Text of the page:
MERG undergraduate honors student, Jennifer Sung, received Honorable Mention in the social sciences category at the USC Undergraduate Research Symposium for her research on agentic engagement in U.S. urban high school classrooms. This is a big accomplishment. Way to go Jen! You deserve it!
We were busy at AERA this year! See the list of some of the presentations below and some pictures. But, it was not all serious business. Erika (chair) and the rest of the Motivation in Education Special Interest Group (SIG) of AERA threw a great party Saturday night of the conference for the SIG!
Steingut, R.R., Patall, E. A., Pituch, K.A., & Vasquez A. C. (2019, April). Competence and rationale: interactions at multiple levels predict classroom engagement in science. Symposium session conducted at the annual meeting of the American Educational Research Association, Toronto, Ontario, Canada.
Patall, E. A. (2019, April). Drawing on self and reward perspectives to understand the benefits of choice. Symposium session conducted at the annual meeting of the American Educational Research Association, Toronto, Ontario, Canada.
Patall, E. A., Kennedy, A., Yates, N. M., Vallin, J. (2019, April) Promoting an agentic engagement mindset: Preliminary results for an intervention with college students. Poster session conducted at the annual meeting of the American Educational Research Association, Toronto, Ontario, Canada.
It’s About Time: Giving Serious Consideration to Race, Culture, and Equity in Motivation Scholarship (Erika Patall; chair of Invited session for Motivation in Education SIG)
Motivation in Education SIG Business meeting (Erika Patall; chair)
MERG has a new paper in Journal of Applied Developmental Psychology focused on the role of students’ daily agentic engagement in daily teacher autonomy support and students’ motivation during science class. Free access to the paper can be found here until April 5th.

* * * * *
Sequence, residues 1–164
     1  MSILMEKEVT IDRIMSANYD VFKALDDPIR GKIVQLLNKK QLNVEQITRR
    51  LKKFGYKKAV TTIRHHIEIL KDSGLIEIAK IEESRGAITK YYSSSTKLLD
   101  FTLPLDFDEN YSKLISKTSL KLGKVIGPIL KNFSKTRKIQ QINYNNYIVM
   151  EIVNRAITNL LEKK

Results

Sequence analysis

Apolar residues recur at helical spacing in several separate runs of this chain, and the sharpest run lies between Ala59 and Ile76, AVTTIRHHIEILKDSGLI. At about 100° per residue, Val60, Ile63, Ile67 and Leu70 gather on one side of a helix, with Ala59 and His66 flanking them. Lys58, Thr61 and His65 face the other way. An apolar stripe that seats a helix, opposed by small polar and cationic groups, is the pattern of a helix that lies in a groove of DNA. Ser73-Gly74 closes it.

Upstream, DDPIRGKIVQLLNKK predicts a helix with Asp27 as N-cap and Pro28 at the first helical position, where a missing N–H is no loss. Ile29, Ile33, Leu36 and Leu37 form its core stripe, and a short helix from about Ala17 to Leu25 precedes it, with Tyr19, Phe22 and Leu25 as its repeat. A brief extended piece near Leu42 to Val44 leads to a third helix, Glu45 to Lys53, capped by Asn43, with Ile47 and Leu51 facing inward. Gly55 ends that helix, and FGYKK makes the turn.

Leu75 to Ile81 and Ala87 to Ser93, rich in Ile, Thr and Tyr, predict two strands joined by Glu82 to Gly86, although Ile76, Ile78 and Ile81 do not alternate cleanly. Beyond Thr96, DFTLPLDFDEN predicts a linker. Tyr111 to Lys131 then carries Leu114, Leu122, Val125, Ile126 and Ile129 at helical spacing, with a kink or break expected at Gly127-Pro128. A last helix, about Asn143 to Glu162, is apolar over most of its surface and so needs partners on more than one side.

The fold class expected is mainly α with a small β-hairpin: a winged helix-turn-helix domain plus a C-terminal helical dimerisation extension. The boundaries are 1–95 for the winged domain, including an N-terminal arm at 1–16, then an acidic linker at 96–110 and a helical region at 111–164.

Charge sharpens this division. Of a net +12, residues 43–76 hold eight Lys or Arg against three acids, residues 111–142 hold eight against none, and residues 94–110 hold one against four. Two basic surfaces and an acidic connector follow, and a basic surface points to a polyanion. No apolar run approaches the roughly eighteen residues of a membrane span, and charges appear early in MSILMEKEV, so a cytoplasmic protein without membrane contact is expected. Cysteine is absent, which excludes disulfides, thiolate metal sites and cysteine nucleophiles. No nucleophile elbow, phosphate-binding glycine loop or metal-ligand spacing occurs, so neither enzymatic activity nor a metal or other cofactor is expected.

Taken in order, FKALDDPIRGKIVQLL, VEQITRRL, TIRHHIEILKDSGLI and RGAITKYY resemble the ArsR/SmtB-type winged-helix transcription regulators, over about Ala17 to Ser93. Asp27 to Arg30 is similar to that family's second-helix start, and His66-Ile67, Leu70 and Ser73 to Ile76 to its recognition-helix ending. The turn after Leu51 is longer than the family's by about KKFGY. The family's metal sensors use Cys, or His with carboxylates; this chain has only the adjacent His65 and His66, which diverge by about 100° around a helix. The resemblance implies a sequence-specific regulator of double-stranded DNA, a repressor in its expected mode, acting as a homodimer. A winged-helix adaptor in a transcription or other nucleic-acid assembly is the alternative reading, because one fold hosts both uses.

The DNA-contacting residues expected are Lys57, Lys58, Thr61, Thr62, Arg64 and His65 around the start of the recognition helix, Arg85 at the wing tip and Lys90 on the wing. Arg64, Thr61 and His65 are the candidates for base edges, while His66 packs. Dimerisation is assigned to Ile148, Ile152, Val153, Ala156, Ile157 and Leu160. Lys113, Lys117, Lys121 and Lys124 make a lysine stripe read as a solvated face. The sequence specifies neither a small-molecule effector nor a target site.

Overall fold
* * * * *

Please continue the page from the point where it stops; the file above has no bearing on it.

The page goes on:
A recent article from Greenbaum and colleagues (2018) in Educational Psychology Review examining top-producing female authors, editors, and editorial board members in five educational psychology journals (i.e., Cognition and Instruction, Contemporary Educational Psychology, Educational Psychologist, Educational Psychology Review, and Journal of Educational Psychology) from 2009 to 2016 identified our very own Erika Patall among the most productive female scholars. That’s the good news.
The bad news: The top-producing women in the field have, on average, less seniority in the field than do top male authors. Male authors have more publications, on average, and more sole authorships and first authorships, as compared to female authors. No discernible progress has been made by women in terms of editorial board memberships or editorships since 2004. See the article here.
It was announced at the 2018 Annual Meeting of the American Psychological Association in San Francisco, CA Division 15 (Educational Psychology) that Erika Patall is the recipient of the 2018 Richard E. Snow Award for Early Contributions. Congratulations Erika! Looking forward to your talk for award recipients at APA in August 2019!
Carlton, Erika, and Ariana have a new paper in Educational Psychology Review reporting a meta-analysis examining the effects of negative feedback on motivation. See it here.
MERG has a new paper in Learning and Instruction focused on the relationship between students’ daily experiences of difficulty and disengagement in science class and whether autonomy support can buffer that relationship. See it here.